This is Herzog's third Pro Tour Top 8, the first being back at Worlds 1999, and the last being Pro Tour Chicago 2003, where he lost in the finals to Kai Budde. Nicolai is a true Magic veteran, winning the European Championships back in 1999. That sort of success over a long period of time is rare, and shows not only dedication to the game, but true natural talent. The former Norwegian National Champion is looking to finally win a Pro Tour, and achieve the top title that has so far been just out of reach during his Magic career.
Coming into this tournament, everyone was expecting Mike Turian to win, since his fiancé is working with Magic Online. Once they move in together, as per DCI rules, Turian will no longer be able to play in sanctioned Magic tournaments. Turian has always been considered one of the best Limited players in America, and his success in team Pro Tours has proven it. He won the whole thing back in 2000, and just recently in Boston made Top 4. Aside from team events, he also has a Top 8 finish at Worlds, and a Grand Prix Championship. Mike is a veteran and a highly respected player on the Pro Tour for his personality and accomplishments, which means that he may be cheered on by most of the crowd in what may be his only shot at winning an individual Pro Tour.
Paquette got his first taste of high-level success at Grand Prix Detroit, where he came in 30th to win both a main tournament prize as well as an Amateur payout. This is his first Pro Tour, and it seems that he's caught on pretty fast. For those who know him in his hometown of Vancouver, that isn't a surprise. Jeff Cunningham has gone so far as to say that Aeo is one of the best five players in Canada, and so far he's proven it. Unfortunately, he had to knock fellow Canadian Richard Hoaen out of contention in the 14th round, thanks in part to a double-mulligan in Game 3. Regardless, he had to fight his way through fifteen rounds of draft, and a Top 8 finish in his first Pro Tour certainly bodes well for his future.
Japanese Magic seems to be growing with every Pro Tour, and Osamu Fujita is the latest example. The National finalist is a part of Japan's veteran squad, commonly referred to as the "20th Century Boys". In fact, Fujita's ties with those he's played with for years are very strong. At Grand Prix Shizuoka, Fujita conceded to Kenichi Fujita and Kochihiro Maki to ensure that they would be qualified for this tournament. This proved to be beneficial, as Kenichi finished 14th today. Aside from helping out his friends, Osamu Fujita could pull off one accomplishment to truly help Japanese Magic excel- win. This is the fifth individual Pro Tour in a row where a Japanese player has made the Top 8, but so far none of them have been able to get that last win and bring a championship trophy home. For the Japanese players following at home, Osamu is the latest hope for that to happen.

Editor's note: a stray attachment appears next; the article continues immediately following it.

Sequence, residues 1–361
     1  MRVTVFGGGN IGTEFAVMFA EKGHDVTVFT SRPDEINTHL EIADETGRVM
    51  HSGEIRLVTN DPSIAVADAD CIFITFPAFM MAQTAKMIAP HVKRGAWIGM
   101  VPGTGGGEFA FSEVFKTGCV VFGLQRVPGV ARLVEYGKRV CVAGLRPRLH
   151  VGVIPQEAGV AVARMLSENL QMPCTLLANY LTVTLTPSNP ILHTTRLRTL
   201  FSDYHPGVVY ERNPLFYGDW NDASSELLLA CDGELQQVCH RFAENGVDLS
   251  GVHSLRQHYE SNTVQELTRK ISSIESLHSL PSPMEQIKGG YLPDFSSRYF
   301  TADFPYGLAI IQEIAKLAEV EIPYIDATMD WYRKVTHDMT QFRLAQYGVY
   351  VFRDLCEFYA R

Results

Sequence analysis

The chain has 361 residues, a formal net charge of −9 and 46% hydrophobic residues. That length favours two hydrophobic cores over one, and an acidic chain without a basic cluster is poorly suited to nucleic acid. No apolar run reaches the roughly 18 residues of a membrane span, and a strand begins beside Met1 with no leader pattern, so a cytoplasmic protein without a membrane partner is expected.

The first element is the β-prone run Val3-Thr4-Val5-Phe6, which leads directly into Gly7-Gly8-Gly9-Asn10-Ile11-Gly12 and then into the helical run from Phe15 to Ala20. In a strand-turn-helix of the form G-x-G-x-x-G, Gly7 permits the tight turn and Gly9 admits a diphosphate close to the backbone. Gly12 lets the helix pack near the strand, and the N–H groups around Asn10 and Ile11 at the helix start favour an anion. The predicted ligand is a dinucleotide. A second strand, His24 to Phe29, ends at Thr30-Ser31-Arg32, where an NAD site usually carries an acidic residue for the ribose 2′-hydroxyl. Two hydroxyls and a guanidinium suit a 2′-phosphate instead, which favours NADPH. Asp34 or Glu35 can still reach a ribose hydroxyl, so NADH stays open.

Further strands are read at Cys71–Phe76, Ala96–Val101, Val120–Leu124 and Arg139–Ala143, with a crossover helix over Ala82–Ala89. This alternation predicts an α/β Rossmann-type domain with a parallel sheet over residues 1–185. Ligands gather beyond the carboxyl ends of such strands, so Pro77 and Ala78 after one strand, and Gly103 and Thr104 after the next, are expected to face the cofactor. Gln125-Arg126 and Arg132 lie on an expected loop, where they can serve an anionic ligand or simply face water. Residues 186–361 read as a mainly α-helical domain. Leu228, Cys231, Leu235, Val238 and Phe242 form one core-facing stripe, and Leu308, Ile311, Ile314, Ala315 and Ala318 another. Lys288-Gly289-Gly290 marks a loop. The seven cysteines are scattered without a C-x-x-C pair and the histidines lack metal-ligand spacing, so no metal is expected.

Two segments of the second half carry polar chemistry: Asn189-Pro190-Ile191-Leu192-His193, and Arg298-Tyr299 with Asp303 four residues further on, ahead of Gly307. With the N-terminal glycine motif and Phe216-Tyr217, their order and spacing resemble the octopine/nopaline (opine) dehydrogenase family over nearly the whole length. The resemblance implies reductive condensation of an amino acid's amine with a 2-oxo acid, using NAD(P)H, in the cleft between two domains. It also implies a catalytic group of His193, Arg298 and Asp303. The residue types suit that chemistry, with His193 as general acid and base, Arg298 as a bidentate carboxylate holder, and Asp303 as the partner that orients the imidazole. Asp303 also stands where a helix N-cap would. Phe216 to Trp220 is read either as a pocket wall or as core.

This French superstar is as well known for his love of penguins as his Magic play, Olivier Ruel will be taking part in the second individual Pro Tour of his long career. He and his brother Antoine formed two-thirds of Black Ops the team that posted a Top 4 in the first Team Masters Series and was one of the dominant forces in the early days of team competition. They won the Team Pro Tour Draft Challenge upsetting Jon Finkel's Team Antarctica in the process. Olivier has been an Invitationalist and designed a card revolving around penguins much to the delight and dismay of the Magic community-depending on who you ask.
Jonsson has a breakout season in 2001-2002, with two Pro Tour Top 8s, and a match away from a third at Worlds. This is his first return to the Sunday stage since then, but as one of Europe's most respected players, no one should be surprised. Interestingly, Jonsson is notorious for doing lots of drafting on Magic Online, and that obviously contributed to his success this weekend. Whereas many players are still having debates over card value, when you draft a set quite a bit, you learn from experience and your card evaluations tend to be far more accurate. Now that he's succeeded in the Swiss rounds once again, Jonsson has an opportunity to finally win a Pro Tour and add to his reputation.
When Farid won Pro Tour San Diego, most of the Magic community was in shock. Who was this French guy who had just walked away with a Pro Tour Championship? Soon, he was touted as "the next big thing" by many European players, particularly due to his constant drafting. On the other hand, some were skeptical, due to the fact that Farid's Top 8 deck contained plenty of bombs, and he made a few mistakes on camera. Whatever the perception was, the fact is that one time may be a fluke, but two times suggests consistency. This Top 8 by itself does quite a bit to cement Farid's reputation, and another Pro Tour victory would make him one of Magic's top names.
Speaking of "the next big thing", that label was rightfully tacked onto The Dutch Wunderkind. Cornelissen absolutely exploded onto the Pro Tour scene back in the 2000-2001 season, making back-to-back finalist appearances at Pro Tours. Since then, his finishes have been solid, but unfortunately the focus of the Magic community tends to focus on Top 8's where accomplishments are concerned. Consider the fact that Kamiel has come one match away from becoming a champion both times he's played on Sunday, and you're looking at a player who won't be intimidated, knows what it's like to play under the cameras, and has something to prove. Untapped potential no more, Kamiel Cornelissen is back on top.